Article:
“I have kids from 6 to 25, and I’ve noticed that among kids, there’s a general desire for celebrity or for fame, but it takes a lot of work. We thought, ‘Wouldn't it be interesting to take our villains who just want fame and celebrity but don't want to do the work?’ We started talking about this culture of TikTok, which has to do with a kind of instant celebrity. We are not saying these things are bad, but we’re saying, ‘Take a look at how you can use this for good’ and underline the amount of effort and work it takes to be recognized on this kind of large scale.”
The movie also tackles the universal experience of fear and how it takes optimism, bravery and togetherness to overcome fear.
"From my own experiences, fear as a kid, especially, really ran my life," Dohrn said, adding that he hopes this installment of “Trolls” encourages open discussions about fear within families and provides a safe space for such conversations.
Areas where parents should take caution
While the film is filled with lighthearted humor, some jokes are tailored more toward adults and include sexual innuendo. Bridget and King Gristle make out, and in one scene, she suggestively tells her groom, “I didn’t think we’d both get tied up this honeymoon.” There is also some potty humor and mild language, including hell, and four or five exclamations of “oh, my gosh” and one of “g*d!”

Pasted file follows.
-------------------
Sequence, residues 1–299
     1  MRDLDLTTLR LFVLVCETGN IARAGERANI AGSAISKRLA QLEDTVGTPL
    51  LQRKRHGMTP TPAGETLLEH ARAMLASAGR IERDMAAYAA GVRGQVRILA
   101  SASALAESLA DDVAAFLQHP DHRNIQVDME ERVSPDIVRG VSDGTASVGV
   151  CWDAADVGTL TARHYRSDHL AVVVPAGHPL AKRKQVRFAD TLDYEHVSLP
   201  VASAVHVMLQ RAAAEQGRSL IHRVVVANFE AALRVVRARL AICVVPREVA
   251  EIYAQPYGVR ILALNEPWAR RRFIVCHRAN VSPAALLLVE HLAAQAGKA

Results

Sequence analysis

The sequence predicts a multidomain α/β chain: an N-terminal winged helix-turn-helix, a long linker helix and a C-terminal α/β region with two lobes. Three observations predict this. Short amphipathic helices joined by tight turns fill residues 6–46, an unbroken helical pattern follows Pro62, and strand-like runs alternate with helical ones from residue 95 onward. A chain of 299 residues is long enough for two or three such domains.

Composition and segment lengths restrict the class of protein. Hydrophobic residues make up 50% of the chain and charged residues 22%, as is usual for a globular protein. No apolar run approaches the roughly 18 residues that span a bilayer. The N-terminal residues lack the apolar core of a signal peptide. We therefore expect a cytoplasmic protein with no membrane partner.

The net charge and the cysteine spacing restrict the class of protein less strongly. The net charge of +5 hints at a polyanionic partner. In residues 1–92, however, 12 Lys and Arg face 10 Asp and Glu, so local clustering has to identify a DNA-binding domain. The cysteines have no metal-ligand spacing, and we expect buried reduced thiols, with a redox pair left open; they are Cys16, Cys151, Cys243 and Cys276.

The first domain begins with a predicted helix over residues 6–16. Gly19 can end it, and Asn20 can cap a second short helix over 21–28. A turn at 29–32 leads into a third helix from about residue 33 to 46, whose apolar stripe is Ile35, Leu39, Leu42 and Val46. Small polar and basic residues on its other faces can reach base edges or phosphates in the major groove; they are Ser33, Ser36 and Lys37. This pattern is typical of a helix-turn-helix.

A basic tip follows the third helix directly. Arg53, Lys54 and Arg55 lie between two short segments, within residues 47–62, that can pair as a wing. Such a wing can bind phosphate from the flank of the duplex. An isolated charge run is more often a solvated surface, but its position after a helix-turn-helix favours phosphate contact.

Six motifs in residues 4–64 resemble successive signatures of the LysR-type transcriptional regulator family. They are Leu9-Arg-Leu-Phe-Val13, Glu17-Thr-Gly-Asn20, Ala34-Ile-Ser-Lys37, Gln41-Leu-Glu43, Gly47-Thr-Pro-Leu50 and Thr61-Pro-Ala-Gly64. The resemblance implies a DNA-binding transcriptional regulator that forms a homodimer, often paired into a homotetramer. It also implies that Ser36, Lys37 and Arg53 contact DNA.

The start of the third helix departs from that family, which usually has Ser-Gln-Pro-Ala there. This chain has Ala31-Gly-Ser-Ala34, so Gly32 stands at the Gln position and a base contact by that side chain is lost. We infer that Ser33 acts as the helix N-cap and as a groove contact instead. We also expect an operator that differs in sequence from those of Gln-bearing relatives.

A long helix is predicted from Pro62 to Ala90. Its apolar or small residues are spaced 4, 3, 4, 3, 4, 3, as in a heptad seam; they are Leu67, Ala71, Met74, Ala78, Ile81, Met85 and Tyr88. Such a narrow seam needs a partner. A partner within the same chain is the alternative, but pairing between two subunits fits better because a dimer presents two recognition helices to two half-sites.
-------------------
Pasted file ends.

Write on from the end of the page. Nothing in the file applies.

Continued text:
There are also subtle references to drugs: Infant Tiny Diamond offers Branch hits of his pacifier as if it were an opium pipe. The BroZone bus, Rhonda, features a “hustle” button, which, when pushed, transports its riders into a trippy, psychedelic animated sequence. The film also features some cartoon violence and scary situations, including a mechanical clown with sharp teeth that nearly crushes Bridget and King Gristle.
Dohr told CP filmmakers wanted to make the film appeal to all ages with its humor, though acknowledged that “balance can be tricky.” While the film aims to be inclusive, parents might want to be prepared to navigate questions from younger viewers.
“Being funny is important, but making sure we don't offend anybody is important too,” Dohr told CP. “But it can be dangerous, but I think sometimes the shock, the surprise of the joke, is what makes you laugh. So we tried to walk that line.”
With its mix of colorful escapades and musical performances, including a highly-anticipated pop hit from NSYC, "Trolls Band Together" presents itself as a family-friendly film that balances entertainment with life lessons, though parents should be aware of — and be prepared to address with their children — the mild suggestive content and occasional adult-oriented humor.
“Trolls Band Together” is rated PG for “some mild rude humor, some suggestive humor” by the MPAA.
The film features several well-known celebrities, including: Anna Kendrick, Justin Timberlake, Camila Cabello, Eric Andre, Amy Schumer, Andrew Rannells, Troye Sivan, Daveed Diggs, Kid Cudi, Zosia Mamet, Zooey Deschanel, Christopher Mintz-Plasse, RuPaul Charles, Aino Jawo, Caroline Hjelt, Kenan Thompson, Anderson Paak, Kunal Nayyar and Ron Fuches.
Leah M. Klett is a reporter for The Christian Post. She can be reached at: firstname.lastname@example.org